We use pressure cookers for camp cooking and home canning.

Now if I can only get on winlink /grin

Luigi

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Re: Practice, practice, practice...non radio stuff.
« Reply #9 on: June 24, 2014, 12:34:12 PM »
We had a massive storm in the Northwest in 2007 as well. It was an eye opener. The same thing happened here. One week without power or communications. We were lucky enough to have taken delivery of a diesel generator a few days before the storm. Today we have the communications part covered.

For many here the preparation needed is not some apocalypse, but rather natural disasters that last quite some time.

Back to the propane tanks. The 1 gallon tank is available at Lowes hardware stores. A hose with a converter is needed for the stove. I have used it with my BBQ grill when I have taken it to a picnic at a park.

One safety issue. Propane tanks over 1 lb are not supposed to be stored indoors. This tank needs to be stored outdoors. A fire department will let your house burn down if they run into a propane tank fire within your house. It is a matter of safety for them.

Luigi

mdmc

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Re: Practice, practice, practice...non radio stuff.
« Reply #10 on: June 24, 2014, 03:08:55 PM »
A few years back, I spotted a thread about a little single burner cast iron stove. It's a heavy duty little thing, too. It has come in handy for many things. Smelting down lead for casting "bullits"  (Google it) , heating a big pressure caner,  even cooking inside or outside. The little one gallon propane tank would be perfect for this little camp stove. We found it at one of the big sporting goods stores.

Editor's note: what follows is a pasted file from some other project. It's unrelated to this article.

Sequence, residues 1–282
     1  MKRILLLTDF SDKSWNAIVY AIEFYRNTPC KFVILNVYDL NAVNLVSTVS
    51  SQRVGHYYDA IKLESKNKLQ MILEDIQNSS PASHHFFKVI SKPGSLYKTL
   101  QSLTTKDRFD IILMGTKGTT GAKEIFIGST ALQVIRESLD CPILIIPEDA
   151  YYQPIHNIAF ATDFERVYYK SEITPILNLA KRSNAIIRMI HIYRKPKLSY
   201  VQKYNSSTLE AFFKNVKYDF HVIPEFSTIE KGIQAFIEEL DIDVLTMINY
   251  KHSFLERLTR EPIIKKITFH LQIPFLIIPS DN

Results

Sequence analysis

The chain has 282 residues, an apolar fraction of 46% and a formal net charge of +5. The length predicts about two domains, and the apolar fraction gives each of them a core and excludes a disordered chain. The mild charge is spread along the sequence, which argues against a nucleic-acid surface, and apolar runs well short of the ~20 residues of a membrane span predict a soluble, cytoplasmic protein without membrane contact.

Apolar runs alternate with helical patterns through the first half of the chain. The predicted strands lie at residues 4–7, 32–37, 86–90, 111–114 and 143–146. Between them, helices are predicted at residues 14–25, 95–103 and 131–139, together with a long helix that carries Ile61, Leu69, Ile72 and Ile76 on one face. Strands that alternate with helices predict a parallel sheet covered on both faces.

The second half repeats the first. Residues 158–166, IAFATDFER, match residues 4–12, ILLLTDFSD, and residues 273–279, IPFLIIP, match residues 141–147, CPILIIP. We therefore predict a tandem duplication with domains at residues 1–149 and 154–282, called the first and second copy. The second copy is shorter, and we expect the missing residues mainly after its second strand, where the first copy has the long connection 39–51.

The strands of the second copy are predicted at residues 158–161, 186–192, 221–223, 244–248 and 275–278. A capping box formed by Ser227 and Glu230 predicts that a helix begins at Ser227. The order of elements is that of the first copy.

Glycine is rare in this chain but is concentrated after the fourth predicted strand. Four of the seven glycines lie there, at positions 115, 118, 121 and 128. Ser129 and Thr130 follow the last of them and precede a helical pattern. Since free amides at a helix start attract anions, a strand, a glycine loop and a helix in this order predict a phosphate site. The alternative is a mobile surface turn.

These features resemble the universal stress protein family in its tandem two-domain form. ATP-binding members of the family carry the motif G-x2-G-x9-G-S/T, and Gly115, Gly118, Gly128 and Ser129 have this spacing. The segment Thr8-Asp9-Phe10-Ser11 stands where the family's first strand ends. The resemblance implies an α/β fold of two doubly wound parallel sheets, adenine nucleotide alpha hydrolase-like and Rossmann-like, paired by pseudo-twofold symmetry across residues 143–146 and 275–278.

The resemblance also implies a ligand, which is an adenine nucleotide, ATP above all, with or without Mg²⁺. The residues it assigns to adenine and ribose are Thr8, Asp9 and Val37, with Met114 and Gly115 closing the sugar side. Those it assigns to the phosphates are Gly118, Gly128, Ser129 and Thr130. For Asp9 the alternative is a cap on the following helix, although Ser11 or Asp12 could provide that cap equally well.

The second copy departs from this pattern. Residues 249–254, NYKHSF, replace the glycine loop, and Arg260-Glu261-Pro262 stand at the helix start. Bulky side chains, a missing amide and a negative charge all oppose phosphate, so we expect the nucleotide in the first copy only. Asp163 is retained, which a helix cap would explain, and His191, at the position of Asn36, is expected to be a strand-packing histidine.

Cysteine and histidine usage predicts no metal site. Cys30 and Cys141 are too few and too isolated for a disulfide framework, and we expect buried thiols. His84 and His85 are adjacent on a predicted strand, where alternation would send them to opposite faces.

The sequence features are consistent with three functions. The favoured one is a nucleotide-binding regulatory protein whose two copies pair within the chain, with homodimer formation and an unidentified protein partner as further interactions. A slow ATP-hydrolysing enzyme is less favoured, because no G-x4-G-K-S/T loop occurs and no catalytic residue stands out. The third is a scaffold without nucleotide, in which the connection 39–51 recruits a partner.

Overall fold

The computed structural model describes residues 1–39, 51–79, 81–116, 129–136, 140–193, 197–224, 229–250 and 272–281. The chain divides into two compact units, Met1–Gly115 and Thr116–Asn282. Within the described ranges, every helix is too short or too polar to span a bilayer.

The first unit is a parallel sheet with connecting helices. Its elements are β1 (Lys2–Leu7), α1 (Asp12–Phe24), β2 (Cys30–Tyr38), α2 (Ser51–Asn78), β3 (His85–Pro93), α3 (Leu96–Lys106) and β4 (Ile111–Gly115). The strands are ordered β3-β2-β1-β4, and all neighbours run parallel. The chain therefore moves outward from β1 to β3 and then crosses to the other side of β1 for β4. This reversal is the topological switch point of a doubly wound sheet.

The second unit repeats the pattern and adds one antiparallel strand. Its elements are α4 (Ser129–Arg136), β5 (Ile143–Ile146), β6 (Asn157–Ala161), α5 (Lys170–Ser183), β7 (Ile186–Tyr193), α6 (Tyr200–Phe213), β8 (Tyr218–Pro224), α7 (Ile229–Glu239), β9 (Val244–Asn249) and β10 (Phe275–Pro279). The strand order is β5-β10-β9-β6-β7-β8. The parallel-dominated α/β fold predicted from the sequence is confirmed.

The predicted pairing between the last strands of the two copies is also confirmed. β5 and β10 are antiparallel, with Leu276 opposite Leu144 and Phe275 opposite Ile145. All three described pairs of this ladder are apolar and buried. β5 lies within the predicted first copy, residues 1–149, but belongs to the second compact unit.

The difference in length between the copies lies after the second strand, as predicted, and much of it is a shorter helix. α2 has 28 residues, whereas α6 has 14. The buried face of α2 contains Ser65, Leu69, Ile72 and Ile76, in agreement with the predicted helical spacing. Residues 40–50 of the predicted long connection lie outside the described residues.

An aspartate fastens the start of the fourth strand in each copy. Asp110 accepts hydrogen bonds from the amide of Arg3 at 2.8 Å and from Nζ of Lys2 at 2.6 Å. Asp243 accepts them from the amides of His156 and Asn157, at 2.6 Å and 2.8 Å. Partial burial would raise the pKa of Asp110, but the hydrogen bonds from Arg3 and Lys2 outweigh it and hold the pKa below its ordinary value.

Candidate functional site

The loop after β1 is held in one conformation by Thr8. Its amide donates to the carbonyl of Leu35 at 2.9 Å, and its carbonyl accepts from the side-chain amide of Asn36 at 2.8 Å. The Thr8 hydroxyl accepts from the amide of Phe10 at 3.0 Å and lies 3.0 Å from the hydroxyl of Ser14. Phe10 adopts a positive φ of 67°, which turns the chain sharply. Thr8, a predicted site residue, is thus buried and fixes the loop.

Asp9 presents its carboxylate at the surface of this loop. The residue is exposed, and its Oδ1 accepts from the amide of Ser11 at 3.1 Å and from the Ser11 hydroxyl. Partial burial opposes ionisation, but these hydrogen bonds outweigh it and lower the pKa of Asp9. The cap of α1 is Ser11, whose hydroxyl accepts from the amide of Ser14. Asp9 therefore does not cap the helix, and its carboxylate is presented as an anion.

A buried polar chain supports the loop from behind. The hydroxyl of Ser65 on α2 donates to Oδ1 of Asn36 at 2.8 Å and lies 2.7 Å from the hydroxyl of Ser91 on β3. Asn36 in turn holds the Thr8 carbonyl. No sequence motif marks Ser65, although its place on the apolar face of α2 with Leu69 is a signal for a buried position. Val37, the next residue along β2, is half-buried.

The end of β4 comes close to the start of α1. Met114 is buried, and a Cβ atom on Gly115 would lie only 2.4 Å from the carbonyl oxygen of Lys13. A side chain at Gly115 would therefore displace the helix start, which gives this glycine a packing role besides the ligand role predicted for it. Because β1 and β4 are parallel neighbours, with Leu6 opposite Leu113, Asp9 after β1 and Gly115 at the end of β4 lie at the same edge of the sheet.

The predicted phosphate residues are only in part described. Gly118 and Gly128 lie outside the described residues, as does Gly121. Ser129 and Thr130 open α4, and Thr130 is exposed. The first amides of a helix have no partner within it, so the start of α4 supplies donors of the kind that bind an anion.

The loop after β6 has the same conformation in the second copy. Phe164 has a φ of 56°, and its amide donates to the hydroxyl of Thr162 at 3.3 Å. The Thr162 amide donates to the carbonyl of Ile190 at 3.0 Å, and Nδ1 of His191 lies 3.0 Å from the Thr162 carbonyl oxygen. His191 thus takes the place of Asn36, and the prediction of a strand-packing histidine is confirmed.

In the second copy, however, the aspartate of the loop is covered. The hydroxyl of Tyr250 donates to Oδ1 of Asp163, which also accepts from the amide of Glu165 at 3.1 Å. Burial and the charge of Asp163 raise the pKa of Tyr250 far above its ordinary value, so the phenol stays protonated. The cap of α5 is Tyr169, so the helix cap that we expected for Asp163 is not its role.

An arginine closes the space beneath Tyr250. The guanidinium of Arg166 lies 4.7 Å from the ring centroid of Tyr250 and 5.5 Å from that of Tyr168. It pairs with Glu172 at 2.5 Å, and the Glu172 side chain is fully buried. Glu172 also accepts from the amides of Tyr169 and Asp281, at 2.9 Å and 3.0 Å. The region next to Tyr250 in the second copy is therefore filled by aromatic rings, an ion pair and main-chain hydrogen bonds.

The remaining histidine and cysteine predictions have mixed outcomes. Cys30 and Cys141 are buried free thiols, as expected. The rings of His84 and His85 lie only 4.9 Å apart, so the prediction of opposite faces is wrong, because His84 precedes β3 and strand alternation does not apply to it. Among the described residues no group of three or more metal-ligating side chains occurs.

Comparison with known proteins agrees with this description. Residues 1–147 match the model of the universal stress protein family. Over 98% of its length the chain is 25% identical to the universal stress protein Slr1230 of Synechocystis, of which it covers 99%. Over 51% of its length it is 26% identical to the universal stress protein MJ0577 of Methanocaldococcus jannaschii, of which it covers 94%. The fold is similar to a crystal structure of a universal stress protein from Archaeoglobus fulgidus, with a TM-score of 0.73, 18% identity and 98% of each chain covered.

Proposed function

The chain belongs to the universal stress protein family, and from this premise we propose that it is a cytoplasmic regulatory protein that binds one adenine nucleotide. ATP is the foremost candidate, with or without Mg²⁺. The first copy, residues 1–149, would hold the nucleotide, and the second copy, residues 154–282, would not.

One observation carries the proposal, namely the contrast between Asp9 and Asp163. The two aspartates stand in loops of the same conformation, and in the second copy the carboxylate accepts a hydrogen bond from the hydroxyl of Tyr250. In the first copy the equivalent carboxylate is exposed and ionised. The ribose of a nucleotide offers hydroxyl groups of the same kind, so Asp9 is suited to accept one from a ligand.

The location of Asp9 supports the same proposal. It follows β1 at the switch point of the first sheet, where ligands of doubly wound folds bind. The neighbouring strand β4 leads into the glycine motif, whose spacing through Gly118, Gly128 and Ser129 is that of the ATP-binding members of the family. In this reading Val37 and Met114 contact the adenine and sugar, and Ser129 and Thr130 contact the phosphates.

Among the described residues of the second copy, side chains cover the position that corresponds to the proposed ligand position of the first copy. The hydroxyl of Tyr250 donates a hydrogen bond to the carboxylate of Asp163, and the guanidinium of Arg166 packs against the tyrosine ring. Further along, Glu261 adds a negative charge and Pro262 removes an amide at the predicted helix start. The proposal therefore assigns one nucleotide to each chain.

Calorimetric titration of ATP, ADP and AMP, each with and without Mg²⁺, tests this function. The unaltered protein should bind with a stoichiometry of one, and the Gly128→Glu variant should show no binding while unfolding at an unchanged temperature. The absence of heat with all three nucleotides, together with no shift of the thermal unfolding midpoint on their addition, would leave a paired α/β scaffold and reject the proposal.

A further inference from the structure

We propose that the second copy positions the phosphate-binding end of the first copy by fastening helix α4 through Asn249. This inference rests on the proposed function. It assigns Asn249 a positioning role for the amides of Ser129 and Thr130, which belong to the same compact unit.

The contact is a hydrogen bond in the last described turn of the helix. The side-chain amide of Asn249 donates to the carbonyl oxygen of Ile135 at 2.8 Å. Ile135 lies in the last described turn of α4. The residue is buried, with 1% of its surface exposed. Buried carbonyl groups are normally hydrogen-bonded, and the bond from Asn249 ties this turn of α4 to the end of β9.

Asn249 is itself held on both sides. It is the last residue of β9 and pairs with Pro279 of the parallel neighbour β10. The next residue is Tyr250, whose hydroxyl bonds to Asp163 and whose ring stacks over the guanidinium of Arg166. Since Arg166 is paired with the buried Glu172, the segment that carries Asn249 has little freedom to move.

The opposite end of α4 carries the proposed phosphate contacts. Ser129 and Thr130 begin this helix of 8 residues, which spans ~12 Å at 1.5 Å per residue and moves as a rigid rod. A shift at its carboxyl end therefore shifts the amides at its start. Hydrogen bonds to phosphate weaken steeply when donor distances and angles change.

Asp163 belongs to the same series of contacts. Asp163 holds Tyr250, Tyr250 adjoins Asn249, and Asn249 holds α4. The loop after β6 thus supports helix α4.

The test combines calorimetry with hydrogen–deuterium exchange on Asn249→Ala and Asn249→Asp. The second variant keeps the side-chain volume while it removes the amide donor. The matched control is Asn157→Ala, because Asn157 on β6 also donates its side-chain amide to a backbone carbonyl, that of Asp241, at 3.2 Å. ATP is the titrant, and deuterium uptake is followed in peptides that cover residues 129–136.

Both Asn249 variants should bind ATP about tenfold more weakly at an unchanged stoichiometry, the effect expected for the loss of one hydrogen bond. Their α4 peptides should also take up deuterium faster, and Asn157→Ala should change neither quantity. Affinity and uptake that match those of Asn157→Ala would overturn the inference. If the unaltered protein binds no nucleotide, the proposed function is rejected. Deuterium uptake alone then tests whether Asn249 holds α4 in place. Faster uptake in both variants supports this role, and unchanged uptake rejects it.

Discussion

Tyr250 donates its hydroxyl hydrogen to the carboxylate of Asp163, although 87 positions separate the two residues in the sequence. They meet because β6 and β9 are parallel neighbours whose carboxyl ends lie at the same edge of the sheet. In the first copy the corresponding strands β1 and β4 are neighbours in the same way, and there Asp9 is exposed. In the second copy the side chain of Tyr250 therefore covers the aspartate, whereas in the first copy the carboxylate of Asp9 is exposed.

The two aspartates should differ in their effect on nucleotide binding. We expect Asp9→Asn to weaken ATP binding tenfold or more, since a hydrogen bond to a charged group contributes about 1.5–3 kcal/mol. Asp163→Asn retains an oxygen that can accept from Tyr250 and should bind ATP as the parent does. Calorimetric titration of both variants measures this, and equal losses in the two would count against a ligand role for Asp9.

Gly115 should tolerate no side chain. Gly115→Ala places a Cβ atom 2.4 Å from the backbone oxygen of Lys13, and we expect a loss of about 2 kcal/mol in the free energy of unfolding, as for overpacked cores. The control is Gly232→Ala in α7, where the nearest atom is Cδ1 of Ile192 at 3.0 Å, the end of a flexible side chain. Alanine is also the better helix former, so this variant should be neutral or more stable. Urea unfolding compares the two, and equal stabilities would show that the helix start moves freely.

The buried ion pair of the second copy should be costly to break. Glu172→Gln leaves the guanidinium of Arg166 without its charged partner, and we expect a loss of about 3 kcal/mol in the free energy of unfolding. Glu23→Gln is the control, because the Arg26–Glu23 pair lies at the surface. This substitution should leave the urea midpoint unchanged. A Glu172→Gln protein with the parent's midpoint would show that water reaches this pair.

Propane is a very useful fuel. On my oldest generator, I put one of the little multifuel conversion kits. That allows me to use gasoline, propane, and the wood gas when I get ready.


mdmc

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Re: Practice, practice, practice...non radio stuff.
« Reply #11 on: June 24, 2014, 03:15:51 PM »
  Our little property has alot of wood and we live surrounded by woods.  Oh - and fish.  even after the end of the world as we know it - we might be able to squeeze in the occasional fish fry!

>RadioRay ..._  ._

Ray, with the 4 foot tidal changes along your coast, can you go out and dig clams it low tide also?

gil

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Re: Practice, practice, practice...non radio stuff.
« Reply #12 on: June 24, 2014, 05:22:01 PM »
Quote
we might be able to squeeze in the occasional fish fry!

Just be glad you're not on the Pacific side :o

Gil.

Joe

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Re: Practice, practice, practice...non radio stuff.
« Reply #13 on: June 25, 2014, 02:22:45 PM »
Quote
we might be able to squeeze in the occasional fish fry!

Just be glad you're not on the Pacific side :o

Gil.

We just have to start taking the iOSAT the day before eating  ;)

Joe

gil

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Re: Practice, practice, practice...non radio stuff.
« Reply #14 on: June 25, 2014, 02:40:36 PM »
Quote
We just have to start taking the iOSAT the day before eating

I've got'em in my BOB :o

Gil.

Radio Preppers

Re: Practice, practice, practice...non radio stuff.
« Reply #14 on: June 25, 2014, 02:40:36 PM »